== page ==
"A political ideology is a very handy thing to have. It's a real time-saver, because it tells you what you think about things you know nothing about."

Hendrik Hertzberg, American journalist
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This free ESL lesson plan on political ideologies has been designed for adults and young adults at an intermediate (B1/B2) to advanced (C1/C2) level and should last around 45 to 60 minutes for one student.

An ideology is a blueprint for society: how governments interact with their citizens, how the economy is organised, and who is in charge. Many ideologies are exclusive, that is to say, they place certain groups at the top of the pecking order, whether those groups are nationalities, ethnicities, or classes of people. Understandably, those ideologies are often opposed by those excluded from power, often as violently as how these ideologies came to power or maintain their power. Other ideologies strike just the right balance to elevate a group of people to the top while throwing just enough bones down below to keep the little people happy. What unites all ideologies is that they claim to be the ‘correct’ one that will solve all the problems that exist in society. So far, not one has been successful in this endeavour. In this ESL lesson plan on ideologies, students will have the opportunity to discuss and express their opinions on issues such as different types of ideologies that exist and what the students think about them.

For advice on how to use this English lesson plan and other lesson plans on this site, see the guide for ESL teachers.


Reading activity
Before the English class, send the following article to the students and ask them to read it while making a list of any new vocabulary or phrases they find (explain any the students don’t understand in the class):

The Political Compass

Not a traditional article but a survey. The political compass, despite its many flaws, asks a number of question sin six categories to determine a person’s social and economic beliefs. It then plots this on a graph with four quadrants: right authoritarian, right libertarian, left authoritarian, and left libertarian. What do they think about the results of the test? Do they agree with the results? Were they surprised in any way?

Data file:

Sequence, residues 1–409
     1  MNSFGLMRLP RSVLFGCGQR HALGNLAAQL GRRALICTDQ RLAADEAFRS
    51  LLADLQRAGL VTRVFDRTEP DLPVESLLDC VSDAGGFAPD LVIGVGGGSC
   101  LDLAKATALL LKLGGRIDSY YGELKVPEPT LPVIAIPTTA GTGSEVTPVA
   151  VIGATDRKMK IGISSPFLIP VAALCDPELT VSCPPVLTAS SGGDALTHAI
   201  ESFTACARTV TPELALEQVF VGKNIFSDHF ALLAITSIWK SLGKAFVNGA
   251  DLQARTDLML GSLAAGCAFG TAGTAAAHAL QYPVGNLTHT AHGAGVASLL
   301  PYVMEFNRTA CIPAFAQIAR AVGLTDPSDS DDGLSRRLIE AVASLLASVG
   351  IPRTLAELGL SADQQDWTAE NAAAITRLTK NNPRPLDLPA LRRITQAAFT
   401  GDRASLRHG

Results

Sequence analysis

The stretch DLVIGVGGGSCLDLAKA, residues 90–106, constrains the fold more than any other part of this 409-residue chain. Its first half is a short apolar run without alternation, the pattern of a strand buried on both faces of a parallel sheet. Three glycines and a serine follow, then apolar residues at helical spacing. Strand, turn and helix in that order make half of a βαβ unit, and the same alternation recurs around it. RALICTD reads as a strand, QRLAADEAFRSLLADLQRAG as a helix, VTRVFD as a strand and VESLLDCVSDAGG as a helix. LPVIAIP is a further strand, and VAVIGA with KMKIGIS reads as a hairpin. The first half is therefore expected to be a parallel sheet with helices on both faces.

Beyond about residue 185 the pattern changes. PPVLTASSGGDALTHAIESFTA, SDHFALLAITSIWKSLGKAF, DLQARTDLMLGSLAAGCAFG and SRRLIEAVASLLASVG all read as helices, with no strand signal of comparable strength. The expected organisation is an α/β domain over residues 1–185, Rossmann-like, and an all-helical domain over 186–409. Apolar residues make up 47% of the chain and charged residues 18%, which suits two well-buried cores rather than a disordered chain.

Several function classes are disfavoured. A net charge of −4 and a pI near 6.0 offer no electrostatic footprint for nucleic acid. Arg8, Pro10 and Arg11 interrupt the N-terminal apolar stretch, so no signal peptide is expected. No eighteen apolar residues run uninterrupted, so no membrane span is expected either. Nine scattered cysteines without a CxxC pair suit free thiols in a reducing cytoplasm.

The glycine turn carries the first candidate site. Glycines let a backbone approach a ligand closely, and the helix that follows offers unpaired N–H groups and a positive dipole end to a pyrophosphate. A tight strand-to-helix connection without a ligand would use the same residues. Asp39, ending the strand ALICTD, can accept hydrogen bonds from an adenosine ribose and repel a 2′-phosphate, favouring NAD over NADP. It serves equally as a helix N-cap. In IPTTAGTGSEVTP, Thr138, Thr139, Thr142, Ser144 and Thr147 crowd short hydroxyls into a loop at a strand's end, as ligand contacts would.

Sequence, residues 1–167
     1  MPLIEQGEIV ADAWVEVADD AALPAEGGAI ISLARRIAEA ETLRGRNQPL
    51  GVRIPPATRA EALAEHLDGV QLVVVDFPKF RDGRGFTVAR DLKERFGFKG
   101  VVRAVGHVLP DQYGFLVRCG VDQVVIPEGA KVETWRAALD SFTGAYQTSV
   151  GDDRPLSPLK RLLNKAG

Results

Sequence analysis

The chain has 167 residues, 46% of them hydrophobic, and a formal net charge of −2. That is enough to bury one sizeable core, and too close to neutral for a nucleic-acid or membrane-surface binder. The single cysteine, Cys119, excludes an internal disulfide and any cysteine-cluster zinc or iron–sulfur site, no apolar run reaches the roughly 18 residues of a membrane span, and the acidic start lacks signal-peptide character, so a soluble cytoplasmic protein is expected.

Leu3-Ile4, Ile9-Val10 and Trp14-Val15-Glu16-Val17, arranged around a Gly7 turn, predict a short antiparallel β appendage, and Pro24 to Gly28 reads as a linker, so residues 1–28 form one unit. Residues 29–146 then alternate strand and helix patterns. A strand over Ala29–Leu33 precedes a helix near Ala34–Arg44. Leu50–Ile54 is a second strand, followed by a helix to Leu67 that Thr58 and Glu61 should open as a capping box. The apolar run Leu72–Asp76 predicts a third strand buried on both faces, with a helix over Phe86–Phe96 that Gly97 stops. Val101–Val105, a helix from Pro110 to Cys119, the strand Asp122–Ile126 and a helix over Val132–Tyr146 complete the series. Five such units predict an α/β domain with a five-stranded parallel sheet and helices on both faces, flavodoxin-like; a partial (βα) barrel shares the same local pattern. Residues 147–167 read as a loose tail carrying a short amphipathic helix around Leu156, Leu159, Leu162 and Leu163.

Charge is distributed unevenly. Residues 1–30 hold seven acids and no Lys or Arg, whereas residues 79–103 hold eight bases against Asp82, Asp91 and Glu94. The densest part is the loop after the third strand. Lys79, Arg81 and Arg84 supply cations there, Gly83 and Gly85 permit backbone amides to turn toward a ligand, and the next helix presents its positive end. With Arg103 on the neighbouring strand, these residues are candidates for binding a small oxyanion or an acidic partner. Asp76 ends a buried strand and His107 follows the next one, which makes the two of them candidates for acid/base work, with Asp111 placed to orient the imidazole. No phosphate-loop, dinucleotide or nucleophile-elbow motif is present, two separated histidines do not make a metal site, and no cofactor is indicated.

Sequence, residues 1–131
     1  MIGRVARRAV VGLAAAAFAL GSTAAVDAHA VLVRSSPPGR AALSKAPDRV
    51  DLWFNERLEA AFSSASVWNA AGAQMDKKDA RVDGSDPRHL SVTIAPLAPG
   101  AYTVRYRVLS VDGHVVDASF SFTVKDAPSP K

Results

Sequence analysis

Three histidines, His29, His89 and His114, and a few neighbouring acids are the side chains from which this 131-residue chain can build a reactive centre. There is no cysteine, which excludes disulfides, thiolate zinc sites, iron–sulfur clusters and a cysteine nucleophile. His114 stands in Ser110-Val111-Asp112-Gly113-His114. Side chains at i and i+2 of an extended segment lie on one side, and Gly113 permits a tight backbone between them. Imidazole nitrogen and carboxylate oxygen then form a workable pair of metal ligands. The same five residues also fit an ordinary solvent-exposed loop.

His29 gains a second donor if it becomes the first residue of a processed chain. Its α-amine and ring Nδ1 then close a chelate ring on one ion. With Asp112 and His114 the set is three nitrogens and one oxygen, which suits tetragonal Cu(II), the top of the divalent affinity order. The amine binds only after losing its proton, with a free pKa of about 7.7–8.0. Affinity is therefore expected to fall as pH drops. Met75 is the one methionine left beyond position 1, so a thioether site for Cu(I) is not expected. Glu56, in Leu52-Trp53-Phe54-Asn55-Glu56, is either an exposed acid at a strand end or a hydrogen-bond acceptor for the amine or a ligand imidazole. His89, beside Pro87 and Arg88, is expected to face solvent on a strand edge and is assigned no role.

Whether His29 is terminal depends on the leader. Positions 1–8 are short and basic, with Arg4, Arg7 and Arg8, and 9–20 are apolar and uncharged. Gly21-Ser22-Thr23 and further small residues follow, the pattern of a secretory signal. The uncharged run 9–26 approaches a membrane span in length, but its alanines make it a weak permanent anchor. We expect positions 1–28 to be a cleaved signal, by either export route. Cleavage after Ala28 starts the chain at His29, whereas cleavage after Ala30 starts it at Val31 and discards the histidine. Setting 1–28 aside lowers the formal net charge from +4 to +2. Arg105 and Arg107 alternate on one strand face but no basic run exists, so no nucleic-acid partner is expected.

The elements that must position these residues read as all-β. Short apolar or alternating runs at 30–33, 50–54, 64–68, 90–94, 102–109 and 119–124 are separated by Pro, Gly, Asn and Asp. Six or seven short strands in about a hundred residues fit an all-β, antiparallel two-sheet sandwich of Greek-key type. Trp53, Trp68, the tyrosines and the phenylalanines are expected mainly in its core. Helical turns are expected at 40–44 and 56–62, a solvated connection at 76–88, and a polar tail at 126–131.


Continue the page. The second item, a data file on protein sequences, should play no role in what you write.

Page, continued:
Video activity
To save time in class for the conversation activities, the English teacher can ask the students to watch the video below and answer the listening questions in Section 3 of the lesson plan at home. The questions for the video are styled in a way similar to an exam like the IELTS.

The video for this class is a called “The 10 tactics of fascism” by Big Think which looks at the often-misunderstood ideology of fascism, and the various elements that are usually present in it, including extreme nationalism, the mythic past, and the macho leader.


The focus in the class is on conversation in order to help improve students’ fluency and confidence when speaking in English as well as boosting their vocabulary.

This lesson opens with a short discussion about the article the students read before the class. Next, the students can give their opinion on the quote at the beginning of the lesson plan – what they think the quote means and if they agree with it. This is followed by an initial discussion on the topic including why people are attracted to certain ideologies, whether any ideologies are dangerous, and the difference between liberalism and conservatism.

After this, students will learn some vocabulary connected with political ideologies such as left-wing and right-wing, champagne socialist and identity politics. This vocabulary has been chosen to boost the students’ knowledge of less common vocabulary that could be useful for preparing for English exams like IELTS or TOEFL. The vocabulary is accompanied by a cloze activity and a speaking activity to test the students’ comprehension of these words.

If the students didn’t watch the video before the class, they can watch it after the vocabulary section and answer the listening questions. Before checking the answers, ask the students to give a brief summary of the video and what they thought about the content.

Finally, there is a more in-depth conversation about political ideologies. In this speaking activity, students will talk about issues such as whether social hierarchies are desirable, whether socialism and fascism are the same, and whether all ideologies have been proven failures.


After the class, students will write about their opinion of political ideologies. This could be a short paragraph or a longer piece of writing depending on what level the student is at. The writing activity is designed to allow students to practise and improve their grammar with the feedback from their teacher. For students who intend to take an international English exam such as IELTS or TOEFL, there is an alternative essay question to practise their essay-writing skills.


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